277312 Strategies for Enhanced Production of Recombinant Staphylokinase by Escherichia Coli

Tuesday, October 30, 2012: 9:24 AM
Westmoreland East (Westin )
Arshad Jawed, K.L. Dikshit and Debendra K. Sahoo, CSIR - Institute of Microbial Technology, Chandigarh, India

Thromboembolism, a significant medical problem, is the formation of clot in blood vessel and this disorder has emerged as one main cause of mortality around the globe. Plasmin, the active fibrinolytic component of circulating system, dissolves clots through limited proteolysis. The 15.5 kDa bacterial protein staphylokinase (SAK) isolated from Staphylococcus aureus, a non-enzymatic, forms a stochiometric protein-protein complex with plasmin(ogen). Cleavage of the peptide bond Lys10-Lys11 of SAK in this complex is the trigger for the formation of an enzyme species capable of activating plasminogen. The SAK-plasmin(ogen) complex shows a high degree of specificity for cleavage of blood clots with reduced side effects as the SAK-plasmin(ogen) complex is strongly inhibited by  α2-antiplasmin circulating in the blood. Owing to the market potential, we aimed for development of a large-scale process for production of staphylokinase at reduced cost.

The application of recombinant DNA technology to large-scale processes has enabled the production of therapeutic proteins in quantities that might otherwise have been difficult, if not impossible, to obtain from natural sources. The extensive employment in recombinant protein production and vast knowledge base on genetics and physiology of gram-negative Escherichia coli along with its ease of handling, inexpensive growth requirements and the accumulation of the product to higher levels in the cell cytoplasm has made it to be called as the “microbial factory”. Improvements in fermentation processes is known to be an important avenue for increasing yield of a recombinant protein in E. coli and the efficiency of recombinant protein expression in Escherichia coli depends on the parameters affecting both cell growth and protein expression. The preferred method for increasing the volumetric yield of heterologous recombinant proteins, which is proportional to both cell density (unit cell mass per litre) and specific yield (amount of product per unit cell mass), is the fed-batch strategy.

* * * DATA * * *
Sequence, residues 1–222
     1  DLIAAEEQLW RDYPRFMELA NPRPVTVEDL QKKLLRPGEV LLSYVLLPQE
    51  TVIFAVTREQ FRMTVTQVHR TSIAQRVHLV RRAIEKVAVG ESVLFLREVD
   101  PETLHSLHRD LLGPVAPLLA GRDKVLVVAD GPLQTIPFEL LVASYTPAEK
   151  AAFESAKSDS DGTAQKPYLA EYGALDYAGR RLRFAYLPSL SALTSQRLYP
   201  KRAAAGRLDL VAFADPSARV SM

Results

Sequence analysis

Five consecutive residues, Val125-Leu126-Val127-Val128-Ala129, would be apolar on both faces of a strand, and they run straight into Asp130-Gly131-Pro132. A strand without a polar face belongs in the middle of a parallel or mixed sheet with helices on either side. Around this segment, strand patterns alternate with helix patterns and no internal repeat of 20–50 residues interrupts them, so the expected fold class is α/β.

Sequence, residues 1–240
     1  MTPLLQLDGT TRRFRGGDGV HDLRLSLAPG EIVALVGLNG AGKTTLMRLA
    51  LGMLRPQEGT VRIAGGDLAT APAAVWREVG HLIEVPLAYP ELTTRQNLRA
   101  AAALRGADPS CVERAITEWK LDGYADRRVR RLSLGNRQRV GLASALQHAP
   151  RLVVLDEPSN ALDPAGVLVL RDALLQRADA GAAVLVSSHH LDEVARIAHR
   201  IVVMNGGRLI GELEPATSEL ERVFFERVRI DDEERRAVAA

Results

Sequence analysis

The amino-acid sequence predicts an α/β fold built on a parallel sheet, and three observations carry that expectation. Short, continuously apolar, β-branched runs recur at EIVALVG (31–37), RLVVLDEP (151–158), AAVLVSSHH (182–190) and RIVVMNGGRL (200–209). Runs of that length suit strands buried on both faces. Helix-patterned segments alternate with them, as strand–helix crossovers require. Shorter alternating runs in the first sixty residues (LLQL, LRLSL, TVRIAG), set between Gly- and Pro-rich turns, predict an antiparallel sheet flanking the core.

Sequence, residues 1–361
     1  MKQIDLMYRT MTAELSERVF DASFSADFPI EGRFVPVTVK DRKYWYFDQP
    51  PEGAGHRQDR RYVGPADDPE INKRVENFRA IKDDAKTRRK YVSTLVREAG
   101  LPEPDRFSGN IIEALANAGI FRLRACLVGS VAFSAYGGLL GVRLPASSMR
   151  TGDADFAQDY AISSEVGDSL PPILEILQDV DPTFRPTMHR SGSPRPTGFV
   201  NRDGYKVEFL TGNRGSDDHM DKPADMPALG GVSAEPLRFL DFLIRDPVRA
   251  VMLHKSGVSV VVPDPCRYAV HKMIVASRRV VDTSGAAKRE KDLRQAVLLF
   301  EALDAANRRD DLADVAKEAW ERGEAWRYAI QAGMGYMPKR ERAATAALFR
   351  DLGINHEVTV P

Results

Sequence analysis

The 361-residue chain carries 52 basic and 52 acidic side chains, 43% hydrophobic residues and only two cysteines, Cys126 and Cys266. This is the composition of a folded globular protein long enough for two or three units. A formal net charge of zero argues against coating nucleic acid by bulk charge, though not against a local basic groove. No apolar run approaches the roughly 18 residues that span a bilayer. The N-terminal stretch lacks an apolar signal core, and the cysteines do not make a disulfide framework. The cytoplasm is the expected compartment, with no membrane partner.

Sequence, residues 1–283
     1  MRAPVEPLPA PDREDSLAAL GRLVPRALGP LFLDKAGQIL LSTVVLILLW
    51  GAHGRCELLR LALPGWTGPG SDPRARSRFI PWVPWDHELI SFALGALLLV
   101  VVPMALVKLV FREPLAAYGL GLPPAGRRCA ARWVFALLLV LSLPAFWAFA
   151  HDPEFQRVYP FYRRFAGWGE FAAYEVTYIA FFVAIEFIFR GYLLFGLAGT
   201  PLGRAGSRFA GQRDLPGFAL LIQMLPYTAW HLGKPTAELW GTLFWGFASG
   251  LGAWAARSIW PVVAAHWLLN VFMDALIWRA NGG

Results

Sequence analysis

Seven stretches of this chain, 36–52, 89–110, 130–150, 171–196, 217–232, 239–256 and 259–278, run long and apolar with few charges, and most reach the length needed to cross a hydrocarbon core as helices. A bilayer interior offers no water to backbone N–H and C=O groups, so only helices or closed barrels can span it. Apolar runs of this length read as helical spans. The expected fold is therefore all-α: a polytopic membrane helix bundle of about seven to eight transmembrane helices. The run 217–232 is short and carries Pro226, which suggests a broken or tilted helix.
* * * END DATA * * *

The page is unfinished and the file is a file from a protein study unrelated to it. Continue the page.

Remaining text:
We formulated strategies for large-scale production of staphylokinase, using E. coli cells transformed with plasmid pET-9b containing the gene for staphylokinase. The protein was expressed intracellularly in soluble form. Fed-batch cultivations were carried out that involved initial cell cultivation in batch mode followed by subsequent addition of nutrients using different feeding strategies to build up high density of E. coli cells for induction. We strategized to increase volumetric yield and productivity of target protein without compromising on its specific yield, i.e., protein yield per unit cell mass (SAK expression at shake flask level with LB medium was taken as control), thereby reducing the load of intracellular contaminants per unit of SAK produced at fermentation stage that was perceived to reduce purification cost and result in low processing cost of the target protein. Optimization of feeding was carried out to increase cell concentrations and SAK yield.  The effects of media constituents such as sources of carbon and organic nitrogen, C/N ratio, inducer concentration and process parameters such as dissolved oxygen concentration (DOC) on cell growth and SAK production were investigated. A medium mainly consisting of sugar (glucose), simple salts and some low cost organic nitrogen sources was developed to produce staphylokinase at a concentration of 3500 mg/L, highest reported up to date providing added advantages of processing lower quantity of broth per unit of staphylokinase. Staphylokinase so obtained exhibited biological properties e.g., clot dissolution. The process for production of Staphylokinase was scaled up to 15 L fermenter. The results in detail will be presented.


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